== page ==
A2 Leather Jacket 45th Squadron Cbi 20th Aaf 55th Wing 40th Bomb Group Pow
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A2 Leather Jacket 45th Squadron Cbi 20th Aaf 55th Wing 40th Bomb Group Pow:
Direct from the Vets Family ; A2 Leather Jacket identified owner shot down over Japan and POW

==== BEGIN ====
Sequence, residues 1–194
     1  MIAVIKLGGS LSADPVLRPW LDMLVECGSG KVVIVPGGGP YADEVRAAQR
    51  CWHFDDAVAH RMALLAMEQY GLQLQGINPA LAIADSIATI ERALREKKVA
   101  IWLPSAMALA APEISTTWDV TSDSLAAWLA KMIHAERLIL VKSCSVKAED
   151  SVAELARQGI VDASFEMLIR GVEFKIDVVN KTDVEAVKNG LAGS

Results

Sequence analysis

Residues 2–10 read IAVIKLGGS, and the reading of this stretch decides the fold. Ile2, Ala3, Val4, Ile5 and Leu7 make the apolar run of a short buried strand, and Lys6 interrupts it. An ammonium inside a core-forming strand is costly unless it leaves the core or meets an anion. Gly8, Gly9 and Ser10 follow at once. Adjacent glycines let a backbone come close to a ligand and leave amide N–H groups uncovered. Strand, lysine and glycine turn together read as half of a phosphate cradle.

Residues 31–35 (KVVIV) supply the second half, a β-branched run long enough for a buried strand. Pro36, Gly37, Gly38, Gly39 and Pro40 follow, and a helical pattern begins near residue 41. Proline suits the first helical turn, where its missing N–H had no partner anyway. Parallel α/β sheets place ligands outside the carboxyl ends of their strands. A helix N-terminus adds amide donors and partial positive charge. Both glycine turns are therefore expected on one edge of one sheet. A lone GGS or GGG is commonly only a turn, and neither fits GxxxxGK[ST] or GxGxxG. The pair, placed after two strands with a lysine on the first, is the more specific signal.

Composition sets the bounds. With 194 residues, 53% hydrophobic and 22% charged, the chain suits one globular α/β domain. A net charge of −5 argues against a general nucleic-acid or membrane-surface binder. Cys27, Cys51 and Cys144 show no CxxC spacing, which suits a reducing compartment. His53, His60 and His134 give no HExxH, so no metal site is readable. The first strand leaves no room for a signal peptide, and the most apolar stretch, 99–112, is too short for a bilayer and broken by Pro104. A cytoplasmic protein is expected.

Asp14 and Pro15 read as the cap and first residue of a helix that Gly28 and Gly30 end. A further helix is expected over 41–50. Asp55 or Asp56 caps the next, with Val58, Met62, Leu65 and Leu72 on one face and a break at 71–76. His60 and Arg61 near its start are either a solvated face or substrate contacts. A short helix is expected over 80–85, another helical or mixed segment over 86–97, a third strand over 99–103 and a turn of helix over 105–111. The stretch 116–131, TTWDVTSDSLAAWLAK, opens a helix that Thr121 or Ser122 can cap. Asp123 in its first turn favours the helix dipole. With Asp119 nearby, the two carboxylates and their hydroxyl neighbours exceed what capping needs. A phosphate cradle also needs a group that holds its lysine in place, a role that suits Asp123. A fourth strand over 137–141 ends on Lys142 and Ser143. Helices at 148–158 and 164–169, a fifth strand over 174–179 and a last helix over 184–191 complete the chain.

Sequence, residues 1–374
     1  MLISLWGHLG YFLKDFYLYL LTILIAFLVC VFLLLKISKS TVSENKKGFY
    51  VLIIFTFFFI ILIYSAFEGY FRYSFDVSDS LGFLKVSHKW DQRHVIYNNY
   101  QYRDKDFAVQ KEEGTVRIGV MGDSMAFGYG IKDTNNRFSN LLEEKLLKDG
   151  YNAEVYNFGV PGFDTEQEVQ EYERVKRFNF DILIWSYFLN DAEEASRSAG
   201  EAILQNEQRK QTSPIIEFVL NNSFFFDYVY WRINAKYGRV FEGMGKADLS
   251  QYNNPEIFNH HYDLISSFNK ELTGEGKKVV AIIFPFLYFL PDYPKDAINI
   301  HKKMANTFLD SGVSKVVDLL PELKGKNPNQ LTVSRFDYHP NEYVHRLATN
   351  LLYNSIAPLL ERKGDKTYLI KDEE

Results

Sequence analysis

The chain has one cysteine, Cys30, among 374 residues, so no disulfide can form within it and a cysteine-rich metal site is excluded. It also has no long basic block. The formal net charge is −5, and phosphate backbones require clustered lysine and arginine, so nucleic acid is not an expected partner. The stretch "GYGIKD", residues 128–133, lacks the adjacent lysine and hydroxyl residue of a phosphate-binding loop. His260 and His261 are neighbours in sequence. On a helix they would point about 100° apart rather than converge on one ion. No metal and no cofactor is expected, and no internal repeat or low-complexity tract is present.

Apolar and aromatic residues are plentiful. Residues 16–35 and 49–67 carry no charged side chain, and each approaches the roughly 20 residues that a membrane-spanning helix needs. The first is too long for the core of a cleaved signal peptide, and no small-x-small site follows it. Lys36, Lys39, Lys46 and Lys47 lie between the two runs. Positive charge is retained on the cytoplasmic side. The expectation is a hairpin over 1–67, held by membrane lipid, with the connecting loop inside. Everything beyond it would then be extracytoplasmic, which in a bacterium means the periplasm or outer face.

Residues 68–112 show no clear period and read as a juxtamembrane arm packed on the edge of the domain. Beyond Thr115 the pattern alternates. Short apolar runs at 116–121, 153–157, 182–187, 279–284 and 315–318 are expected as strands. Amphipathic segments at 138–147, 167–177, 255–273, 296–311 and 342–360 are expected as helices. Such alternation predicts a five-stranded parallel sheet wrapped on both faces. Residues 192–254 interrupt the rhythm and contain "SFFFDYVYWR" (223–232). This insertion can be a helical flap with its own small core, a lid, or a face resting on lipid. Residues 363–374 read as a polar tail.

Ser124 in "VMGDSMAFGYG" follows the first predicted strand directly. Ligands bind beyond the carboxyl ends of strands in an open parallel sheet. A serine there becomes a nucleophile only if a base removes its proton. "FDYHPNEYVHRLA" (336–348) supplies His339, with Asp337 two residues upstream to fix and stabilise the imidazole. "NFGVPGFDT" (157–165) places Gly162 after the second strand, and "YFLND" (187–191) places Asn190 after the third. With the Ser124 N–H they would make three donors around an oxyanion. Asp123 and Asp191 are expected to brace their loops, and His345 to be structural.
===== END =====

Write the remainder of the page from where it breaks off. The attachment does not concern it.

sale includes Jacket, photo copy Certificate of Service and 3 original photos including one of nose art, bomber crew, and vet .Vet enlisted in San Francisco, flew with the 45th Bomb Squadron in 3 CBI campaigns , received Air medal with 2 oak leaf clusters ,DFC, Distinguished unit badge ,and asiatic campaign medal , victory medal and marksman The 45th Bombardment Squadron was activated April 1, 1941, at Borinquen Field, Puerto Rico. The five officers and 146 men were commanded by Major Giannatti. From the day of its inception until the outbreak of War the 45TH performed the usual garrison duties, also making many long distance flights over water. Some of these flights were made from Borinquen Field, Puerto Rico to Bases located within the continental United States, a distance of at least 900 miles. Others were made to U.S. bases located in the lesser antilles and the northEastern coast of South America. Occasional flights were also made to Central America and the Netherlands' West Indies. All of these flights Were performed in a routine manner and without incident. The squadron was equipped with Douglas B-18 aircraft at that time. DURING WORLD WAR II At the outbreak of WW II the squadron was placed on a continuous 24-hour alert status. From the day war was declared until the squadron moved to David, Republic of Panama on November 18, 1942, it carried out anti-submarine patrols over the Carribean with B-18 aircraft. After the squadron moved, it was equipped with LB-30 and B-24 aircraft and carried out long over-water patrols in the Pacific. On May 22, 1943, the squadron prepared for its first contact with the state of Kansas. The move to Pratt Army Air Field, Kansas was completed by July 1, 1943. While at Pratt, the 45th became the first bomb squadron to receive the brand new B-29 bomber. They claimed the first one off the assembly line on August 1, 1943. All personnel were fully trained in the new bomber by February, 1944. In March, 1944, the 45th was alerted for movement overseas. By that time, the squadron had it's full compliment of nine B-29B. Manning consisted of 85 officers and 85 enlisted men. All airplanes and men were in place in Chakulia, India, by April 18, 1944. The 45th was the first squadron in the 40th Bombardment Group to have all its airplanes in place. On May 3, 1944, the squadron sent its first plane across the "Hump" into China to the advanced base of the 40th Bombardment Group. Flying the "Hump" was a real experience after hearing so many tales of the most hazardous stretch of flying in the world. The course flown took the planes from Chakulia to Jorhat, India; to Shingbaiyang, India; to Likiang, China; to Hsichang, China; and then direct to Haingching, China, the advanced base. On May 5, 1944, the 45th Bombardment Squadron absorbed the 3d Bombardment Maintenance Squadron to form a unit totaling 174 officers and 370 enlisted men and crews into one unit The merger joined flight line maintenance personnel and flight crews into one unit. June, 1944, was the debut of the 45th in combat. After a shakedown mission over the railroad yards in Bangkok, Thailand, the squadron flew the first ever daylight B-29 bombing raid over Japan. The only other time Japan proper had been bombed was General Doolittle's B-25 raid in 1942. Combat operations during the month of August, 1944, produced proof to the enemy that the B-29 was a definite global threat. All available aircraft were divided into two substantial forces. Staging from China Bay Airfield in Ceylon, the 45th struck by night at the Pladjoe Oil Refinery located at Palembang, Sumatra. Another force staged from forward area fields in China to strike at urban areas of Nagasaki, Japan the same night. Raiding targets 4,000 miles apart simultaneously forced the enemy to face a defensive nightmare of spreading their ground and air defenses over wide areas, not knowing from which direction the next blow would fall. The mission to Palembang was commended by General Henry H. (Hap) Arnold as the longest bombing mission in the annals of the United States Army Air Force. Amidst the yearly monsoon season, in September, 1944, the 40th Bombardment Group began to initiate future plans set down by the new Commanding General of the XX Bomber Command, Major General Curtis E. LeMay. Under his command they laid plans for a 12-plane formation to increase fire power and to improve the bombing pattern. A greatly increased training program was inaugurated at Chakulia, but bombing missions continued despite the training. Two daylight raids were directed at Japanese steel-making capability in September, 1944. This time, the target was Anshan in Japan occupied Manchuria. September was marked by yet another first when the Japanese struck back at the forward staging base in China. Minor damage was done in the air raid. Also in September, the 45th bombed the Okayama Aircraft Plant destroying 80 percent of the structures in the complex. The loss of Okayama greatly limited Japan's ability to stage and maintain aircraft involved in the battle of the Philippine Islands. Perhaps the squadron's most outstanding contribution to the war effort during October, 1944, was their support of General MacArthur's invasion of the Philippines. The 45th pounded the island of Formosa on the 14th and 17th of the month. On October 20, 1944, General MacArthur landed. At the end of 1944 the 45th had seen seven months of combat operations and had participated in twenty-two missions, directed against twelve primary targets. During these hectic and trying seven months the 40th Bomb Group lost several B-29s. This loss of personnel and aircraft was felt deeply by all men of the 45th. Many things happened during February, 1945. General Ramey visited the Group for an inspection and to award well deserved medals to ground and flying personnel, ranging from the Silver Star to the Purple Heart. Admiral Lord Louis Mountbatten, Supreme Commander of the Southeast Asian Theatre Command, visited Chakulia and was pleased to be the first Theatre Commander to be given operational control of the B-29s. In addition to several photo sorties during February, the 45th claimed credit for sinking the floating Dry Dock at Singapore and a transport which was being repaired in the dock. This dry dock, the largest in the world, was Japan's main source of repair for their larger naval vessels. April 1945 brought about the long awaited move from Chakulia, India, to Tinian Island in the Marianas. So far as the change of station was concerned, this movement was unprecedented in that it called for a flight of 3,960 statute miles, including several hundred miles over enemy territory and enemy controlled waters. Now at Tinian and under the XXI Bomber Command, operating procedures changed. The good old days were gone forever. In India the squadron had sometimes a week to ten days to prepare for a mission, now changes in dates and targets could be expected up to a few hours before takeoff. It was on 7 August that the most powerful and destructive weapon in world history was introduced. This new weapon was the world shattering atomic bomb dropped from a B-29 aircraft. Hiroshima was the first target on which this new bomb was used. Immediately after this single bomb was dropped President Harry S. Truman announced to the world the unbelievable power of this weapon that would stagger the imagination. Tokyo reported that no life remained in Hiroshima owing to the destructiveness of the atomic weapon. The exact damage resulting from the terrific explosion was not revealed; however, some reports indicated that over four square miles of Hiroshima was literally evaporated and over 70% of the cities population killed. This one bomb was equivilant to the damage wrought by hundreds of B-29 raids with average bombs. So serious was this new weapon that the Japanese called a special cabinet session as a result of the one bomb dropped on Hiroshima. At the same time the cabinet meeting was in session, Russia announced the long awaited news of her declaration of war on Japan. The world buzzed with speculation as to Japan's probable surrender with these two new and important factors being introduced. On 9 August another atomic bomb was dropped on Nagasaki with even more devastating results than were caused by the first bomb dropped at Hiroshima. Reports indicated the second bomb to be an improvement over the first So great was the explosion from the atomic bomb that it was reported to be necessary to use a parachute in dropping the weapon, thus enabling the aircraft to outdistance the first terrific explosion area. The first experience at Hiroshima indicated that the B-29 which had dropped the bomb felt the explosion 10 miles away. It was described as being similar to an antiaircraft shell burst within 50 feet. While aircraft on the 45th were returning from a mission over Japan word came from Radio Tokyo announcing Japan 's acceptance of the Potsdam Ultimatum: V-J Day, September 2, was an outstanding event for men of the 45th. The 40th Bomb Group contributed 36 aircraft to the V-J Day celebration. Assembling over Japan, the aircraft, together With B-29s from all over the Marians, put on a magnificent power display during the signing of the official surrender terms on the Battleship Missouri. It was a long tiresome flight, but all agreed that it was Well Worth the trouble. The end of the War found the 45th Bomb Squadron two-thirds of the way around the world from the place where it had started and the records of its accomplishments were outstanding. The now weary but jubilant 40th Bomb Group had participated in 70 combat missions and had dropped a total of 9,218 tons of bombs on enemy targets. Its claims numbered 46 1/2 enemy planes destroyed, 92 probably destroyed, and 64 damaged. The cost had been 32 B-29s lost in combat, 53 men killed, 26 wounded and 134 missions. Thus temporarily ended the combat saga of the 45th Bombardment Squadron. Theirs was a record which formed one of the most colorful and unusual chapters in the history of the Army Air Force. It included the circumnavigation of the globe in bringing the war home to the Japanese people. It included the combat testing of the world's best bomber, testing in an Environment which was the ultimate in adverse conditions for both men and machines. It included the solving of gigantic problems of logistics and maintenance. It included some of the best high altitude precision bombing to be performed during World War II. And in addition it included the longest target bombing operations of World War II. The next several months following the war's end were spent rotating men and machines back to bases in the United States. by July, 1946, the 45th Bomb Squadron was in full operation at Davis-Monthan Field in Tucson, Arizona. Their mission, vital to the post-war Air Force, was training and molding a highly efficient heavy bombardment group for operation anywhere in the world.